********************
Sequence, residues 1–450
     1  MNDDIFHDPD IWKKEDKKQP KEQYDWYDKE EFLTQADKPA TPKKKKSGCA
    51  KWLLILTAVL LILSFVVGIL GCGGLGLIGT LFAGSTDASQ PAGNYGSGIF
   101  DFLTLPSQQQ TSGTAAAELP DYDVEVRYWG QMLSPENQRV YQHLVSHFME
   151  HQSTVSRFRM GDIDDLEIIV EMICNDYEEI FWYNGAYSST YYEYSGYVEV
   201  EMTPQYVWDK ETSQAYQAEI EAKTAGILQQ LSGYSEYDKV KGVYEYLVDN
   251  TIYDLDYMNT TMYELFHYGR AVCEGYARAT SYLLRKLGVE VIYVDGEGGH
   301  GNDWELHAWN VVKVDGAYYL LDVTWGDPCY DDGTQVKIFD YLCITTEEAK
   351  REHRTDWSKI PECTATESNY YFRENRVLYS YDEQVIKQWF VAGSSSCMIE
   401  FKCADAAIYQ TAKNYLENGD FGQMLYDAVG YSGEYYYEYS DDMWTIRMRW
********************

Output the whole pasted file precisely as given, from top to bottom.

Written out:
Sequence, residues 1–450
     1  MNDDIFHDPD IWKKEDKKQP KEQYDWYDKE EFLTQADKPA TPKKKKSGCA
    51  KWLLILTAVL LILSFVVGIL GCGGLGLIGT LFAGSTDASQ PAGNYGSGIF
   101  DFLTLPSQQQ TSGTAAAELP DYDVEVRYWG QMLSPENQRV YQHLVSHFME
   151  HQSTVSRFRM GDIDDLEIIV EMICNDYEEI FWYNGAYSST YYEYSGYVEV
   201  EMTPQYVWDK ETSQAYQAEI EAKTAGILQQ LSGYSEYDKV KGVYEYLVDN
   251  TIYDLDYMNT TMYELFHYGR AVCEGYARAT SYLLRKLGVE VIYVDGEGGH
   301  GNDWELHAWN VVKVDGAYYL LDVTWGDPCY DDGTQVKIFD YLCITTEEAK
   351  REHRTDWSKI PECTATESNY YFRENRVLYS YDEQVIKQWF VAGSSSCMIE
   401  FKCADAAIYQ TAKNYLENGD FGQMLYDAVG YSGEYYYEYS DDMWTIRMRW